Hurricane aid measure grows to $15B as Irma bears down

  • By Andrew Taylor
    Associated Press
September 7, 2017
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Associated Press
A military vehicle pass flood damaged belongings piled on a homeowners front lawn in the aftermath of Hurricane Harvey on Thursday at the Canyon Gate community in Katy, Texas.
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Associated Press
Senate Majority Leader Mitch McConnell, R-Ky., flanked by Sen. John Thune, R-S.D., left, and Majority Whip John Cornyn, R-Texas, speaks at the Capitol after President Donald Trump overruled congressional Republicans and his own treasury secretary and cut a deal with Democrats to fund the government and raise the federal borrowing limit for three months, all part of an agreement to speed money to Harvey relief, in Washington, Wednesday.
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Associated Press
President Donald Trump pauses during a meeting with, from left, Senate Majority Leader Mitch McConnell, R-Ky., Senate Minority Leader Chuck Schumer, D-N.Y., House Minority Leader Nancy Pelosi, D-Calif., and other Congressional leaders in the Oval Office of the White House Wednesday in Washington.
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Associated Press
Chumming Xu looks through his flood damaged belongings in the aftermath of Hurricane Harvey on Thursday at the Canyon Gate community in Katy, Texas.

WASHINGTON (AP) – Senate Republicans have almost doubled the size of the disaster relief package for Harvey to more than $15 billion, a first installment to help communities in Texas rebuild from the storm – and stock reserves for looming damage from Hurricane Irma.

The must-do legislation, paired with a short-term increase in the government’s borrowing authority and a temporary government funding bill, is on track to pass the Senate as early as Thursday. The federal government’s disaster aid reserves are rapidly dwindling as Irma takes aim at Florida.

Macaque in the trees
Senate Majority Leader Mitch McConnell, R-Ky., flanked by Sen. John Thune, R-S.D., left, and Majority Whip John Cornyn, R-Texas, speaks at the Capitol after President Donald Trump overruled congressional Republicans and his own treasury secretary and cut a deal with Democrats to fund the government and raise the federal borrowing limit for three months, all part of an agreement to speed money to Harvey relief, in Washington, Wednesday.
Associated Press

Senate Majority Leader Mitch McConnell, R-Ky., unveiled the measure late Wednesday, adding $7.4 billion in community development block grants to President Donald Trump’s $7.9 billion request, which overwhelmingly passed the House on Wednesday. McConnell also added a temporary extension of the federal flood insurance program.

“It will provide certainty and stability for first responders, state officials, and the many others involved in preparing for and recovering from these storms, with critically needed emergency resources that will not be interrupted by the prospect of a shutdown or default,” McConnell said Thursday. “The recovery effort for a record-setting storm like Harvey has strained resources to the limit already.”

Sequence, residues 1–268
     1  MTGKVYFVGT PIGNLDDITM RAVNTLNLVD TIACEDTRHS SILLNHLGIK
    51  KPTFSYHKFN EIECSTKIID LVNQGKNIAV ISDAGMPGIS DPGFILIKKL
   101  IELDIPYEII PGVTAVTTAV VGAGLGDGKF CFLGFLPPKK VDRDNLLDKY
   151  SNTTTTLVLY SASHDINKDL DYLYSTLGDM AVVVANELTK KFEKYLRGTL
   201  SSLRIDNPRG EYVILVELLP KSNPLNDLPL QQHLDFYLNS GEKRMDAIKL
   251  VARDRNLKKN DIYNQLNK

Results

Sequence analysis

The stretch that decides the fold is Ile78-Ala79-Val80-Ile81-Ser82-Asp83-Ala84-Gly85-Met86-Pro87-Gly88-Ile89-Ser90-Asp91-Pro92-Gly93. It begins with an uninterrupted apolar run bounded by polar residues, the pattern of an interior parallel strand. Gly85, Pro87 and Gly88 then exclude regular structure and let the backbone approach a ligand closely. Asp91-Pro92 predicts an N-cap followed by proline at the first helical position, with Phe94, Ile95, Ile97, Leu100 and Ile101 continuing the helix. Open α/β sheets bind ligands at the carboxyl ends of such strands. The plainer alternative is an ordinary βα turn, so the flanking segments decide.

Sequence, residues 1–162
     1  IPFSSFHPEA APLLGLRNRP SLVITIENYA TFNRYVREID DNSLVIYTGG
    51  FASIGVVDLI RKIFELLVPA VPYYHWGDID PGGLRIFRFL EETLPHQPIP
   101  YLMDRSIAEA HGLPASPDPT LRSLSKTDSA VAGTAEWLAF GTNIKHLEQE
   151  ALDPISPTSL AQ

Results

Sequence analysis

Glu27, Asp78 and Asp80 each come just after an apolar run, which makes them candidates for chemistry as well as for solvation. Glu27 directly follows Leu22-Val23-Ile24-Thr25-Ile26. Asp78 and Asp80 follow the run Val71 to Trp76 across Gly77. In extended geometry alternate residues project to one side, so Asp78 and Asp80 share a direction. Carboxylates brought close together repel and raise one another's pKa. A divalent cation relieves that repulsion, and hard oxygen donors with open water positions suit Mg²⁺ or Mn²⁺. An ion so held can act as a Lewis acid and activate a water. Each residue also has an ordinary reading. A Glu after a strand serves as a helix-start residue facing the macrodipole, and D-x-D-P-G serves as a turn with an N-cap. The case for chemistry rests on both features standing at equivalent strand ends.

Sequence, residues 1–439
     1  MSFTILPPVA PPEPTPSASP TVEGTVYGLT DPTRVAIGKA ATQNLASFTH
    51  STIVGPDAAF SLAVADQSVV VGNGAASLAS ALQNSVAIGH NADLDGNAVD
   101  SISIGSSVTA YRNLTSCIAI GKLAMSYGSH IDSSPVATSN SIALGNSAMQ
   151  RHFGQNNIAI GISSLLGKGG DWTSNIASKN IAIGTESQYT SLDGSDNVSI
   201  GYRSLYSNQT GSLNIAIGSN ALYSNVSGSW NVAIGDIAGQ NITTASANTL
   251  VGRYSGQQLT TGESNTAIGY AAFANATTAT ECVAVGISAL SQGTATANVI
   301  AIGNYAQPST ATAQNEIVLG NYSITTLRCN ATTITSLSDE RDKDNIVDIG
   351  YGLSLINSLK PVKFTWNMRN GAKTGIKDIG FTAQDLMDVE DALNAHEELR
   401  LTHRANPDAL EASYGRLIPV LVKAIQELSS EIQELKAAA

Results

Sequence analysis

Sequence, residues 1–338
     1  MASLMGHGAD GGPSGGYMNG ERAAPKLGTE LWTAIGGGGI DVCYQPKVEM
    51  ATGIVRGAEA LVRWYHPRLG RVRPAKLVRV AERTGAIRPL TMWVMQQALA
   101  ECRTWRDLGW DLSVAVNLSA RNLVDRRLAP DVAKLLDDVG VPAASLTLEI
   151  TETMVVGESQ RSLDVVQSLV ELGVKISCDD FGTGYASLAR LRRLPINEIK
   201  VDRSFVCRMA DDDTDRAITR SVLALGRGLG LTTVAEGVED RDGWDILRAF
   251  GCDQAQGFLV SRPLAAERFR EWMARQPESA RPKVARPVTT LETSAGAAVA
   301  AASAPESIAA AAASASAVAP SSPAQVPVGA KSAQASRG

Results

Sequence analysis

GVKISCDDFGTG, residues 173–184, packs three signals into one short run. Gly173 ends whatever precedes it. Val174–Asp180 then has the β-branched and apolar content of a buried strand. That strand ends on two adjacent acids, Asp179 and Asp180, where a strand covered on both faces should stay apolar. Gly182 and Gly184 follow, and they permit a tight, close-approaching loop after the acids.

The additional community block grant money is to jump-start rebuilding efforts. The money can cover costs the Federal Emergency Management Agency can’t.

“This funding will serve as an initial first step toward helping Texans begin the process of rebuilding,” said Sen. John Cornyn, R-Texas, who requested the additional funding be adding to the measure.

The $15 billion-plus aid package is also crafted in such a way to free up another $7 billion in Federal Emergency Management Agency disaster relief funds.

Sen. Rand Paul, R-Ky., moved to pay for the aid package by cutting foreign aid accounts, while Sen. Ben Sasse, R-Neb., made a move to remove the debt limit language. Both amendments were likely to be killed in bipartisan votes early Thursday afternoon.

“Why don’t we pay for this? Why don’t we simply take some money that we were going to spend somewhere else for something not as valuable in another country, and why don’t we spend it here?” Paul said.

Macaque in the trees
President Donald Trump pauses during a meeting with, from left, Senate Majority Leader Mitch McConnell, R-Ky., Senate Minority Leader Chuck Schumer, D-N.Y., House Minority Leader Nancy Pelosi, D-Calif., and other Congressional leaders in the Oval Office of the White House Wednesday in Washington.
Associated Press

The Senate vote comes a day after Trump shocked GOP leaders by siding with top Democrats Sen. Chuck Schumer of New York and Rep. Nancy Pelosi of California, who demanded a debt ceiling increase only through December.

House Speaker Paul Ryan, R-Wis., who opposed the short-term debt limit idea, said on Thursday that the deal that Trump cut with Democrats made sense, with one devastating storm and another looming.

Ryan said that the president didn’t want to have “some partisan fight in the middle of the response.”

Asked in the interview with The New York Times about Trump siding with the Democrats, Ryan said, “Yeah I sort of noticed that.”

The White House said Thursday that Trump spoke to Democratic and Republican leaders McConnell, Ryan, Pelosi and Schumer on Thursday morning, and stressed that the president is committed to working with both parties. Trump also was dining with Ryan Thursday night.

In the meeting with Republican and Democratic leaders on Wednesday, Trump also suggested doing away with the debt ceiling entirely, Pelosi said.

“The president even suggested, ‘Has anybody ever thought about removing this vote?”’ Pelosi told reporters. “We said, ‘We’ll take it back to our caucus.”’

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